One can of course recognise the remigium alarum in Dante’s remi...ali, though of course Virgil is using the metaphor of a sea voyage for Daedelus’s flight through the air while Dante is using the metaphor of a flight through the air to describe a sea voyage. But it is not only the expression that the Florentine has inherited from his masters. Freccero notes that Pierre Courcelle has shown ‘both the story of Ulysses and the flight of Daedelus were interpreted by neoplatonists to signify the flight of the soul’.  Both St Ambrose and St Augustine use the Daedelus myth ‘to describe the liberation of the soul from matter’, even including the phrase remigium alarum. To these Freccero adds the following statement from Bernardus Silvestris’s Commentum super sex libros Eneidos Virgilii, by which the tradition associating remigium alarum with reason was ‘probably made...directly accessible to Dante’:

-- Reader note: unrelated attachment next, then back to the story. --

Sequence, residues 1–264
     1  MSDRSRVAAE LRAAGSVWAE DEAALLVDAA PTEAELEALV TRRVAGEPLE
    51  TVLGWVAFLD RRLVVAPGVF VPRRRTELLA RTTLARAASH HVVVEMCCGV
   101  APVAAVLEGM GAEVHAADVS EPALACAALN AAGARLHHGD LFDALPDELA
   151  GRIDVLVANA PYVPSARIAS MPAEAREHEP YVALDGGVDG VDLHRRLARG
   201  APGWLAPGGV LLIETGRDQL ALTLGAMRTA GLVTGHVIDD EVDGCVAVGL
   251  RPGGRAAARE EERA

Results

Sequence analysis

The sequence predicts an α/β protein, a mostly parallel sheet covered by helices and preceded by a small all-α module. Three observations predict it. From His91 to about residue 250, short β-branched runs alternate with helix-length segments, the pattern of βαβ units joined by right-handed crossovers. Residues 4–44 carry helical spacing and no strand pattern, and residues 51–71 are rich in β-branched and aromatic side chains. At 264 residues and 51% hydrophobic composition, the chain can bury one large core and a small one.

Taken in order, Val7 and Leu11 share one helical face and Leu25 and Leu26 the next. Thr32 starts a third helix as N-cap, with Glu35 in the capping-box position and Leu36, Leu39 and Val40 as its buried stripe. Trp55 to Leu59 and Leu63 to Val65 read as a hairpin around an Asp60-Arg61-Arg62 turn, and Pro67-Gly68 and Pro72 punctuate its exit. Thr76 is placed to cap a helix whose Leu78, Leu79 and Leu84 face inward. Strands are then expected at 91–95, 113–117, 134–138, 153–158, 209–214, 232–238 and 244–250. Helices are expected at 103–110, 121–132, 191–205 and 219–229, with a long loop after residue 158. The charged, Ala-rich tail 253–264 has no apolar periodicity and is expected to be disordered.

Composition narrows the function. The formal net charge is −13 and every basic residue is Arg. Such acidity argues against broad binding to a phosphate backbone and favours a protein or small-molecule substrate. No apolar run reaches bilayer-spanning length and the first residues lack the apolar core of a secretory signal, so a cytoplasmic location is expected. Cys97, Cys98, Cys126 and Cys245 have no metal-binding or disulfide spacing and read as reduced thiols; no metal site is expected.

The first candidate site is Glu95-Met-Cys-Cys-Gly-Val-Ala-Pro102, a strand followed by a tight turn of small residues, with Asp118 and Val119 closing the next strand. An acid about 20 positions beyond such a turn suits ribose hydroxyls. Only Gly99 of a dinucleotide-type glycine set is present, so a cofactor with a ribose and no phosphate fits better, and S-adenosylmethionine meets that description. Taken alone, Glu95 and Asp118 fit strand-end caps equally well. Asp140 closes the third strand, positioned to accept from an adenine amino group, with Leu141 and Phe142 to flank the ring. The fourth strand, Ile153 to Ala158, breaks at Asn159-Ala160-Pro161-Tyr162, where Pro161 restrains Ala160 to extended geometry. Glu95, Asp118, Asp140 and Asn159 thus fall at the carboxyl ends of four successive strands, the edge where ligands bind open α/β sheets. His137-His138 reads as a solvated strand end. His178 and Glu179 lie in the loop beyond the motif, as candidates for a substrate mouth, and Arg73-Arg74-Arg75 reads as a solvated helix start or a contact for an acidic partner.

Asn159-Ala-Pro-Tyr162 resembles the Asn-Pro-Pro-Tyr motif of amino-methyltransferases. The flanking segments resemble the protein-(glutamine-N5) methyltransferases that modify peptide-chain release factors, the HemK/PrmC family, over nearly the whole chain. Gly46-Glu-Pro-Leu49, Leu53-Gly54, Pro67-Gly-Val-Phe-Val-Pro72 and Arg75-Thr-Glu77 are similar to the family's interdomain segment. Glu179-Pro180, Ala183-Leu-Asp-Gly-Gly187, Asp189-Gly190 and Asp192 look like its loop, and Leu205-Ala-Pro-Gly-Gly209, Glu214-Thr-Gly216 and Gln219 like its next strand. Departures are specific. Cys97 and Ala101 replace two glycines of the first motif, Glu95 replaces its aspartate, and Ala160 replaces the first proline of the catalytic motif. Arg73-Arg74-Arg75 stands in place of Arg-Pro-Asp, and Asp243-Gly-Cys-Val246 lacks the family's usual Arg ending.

Daedalus came to the temple of Apollo, that is, to the contemplation of sublime things with the reason. And journeying with the intellect he turned his attention completely to the study of philosophy, and there he dedicated the oarage of his wings, that is, the exercise of his reason and intellect (alarum remigium i.e. rationis et intellectus exercitium sacravit). 
Of course, in the original sources of this tradition concerning Daedelus, this flight is not ‘witless’, and Ulysses’s shipwreck seems more akin to Icarus’s fate than his fathers. In Freccero’s words, ‘If Ulysses is shipwrecked and if the wings of Daedelus seem rather to recall Icarus, it is because the regressus that both stories represent is, in Dante’s view, philosophical presumption that is bound to end in failure.’  Freccero then grounds Dante’s view in his Augustinianism: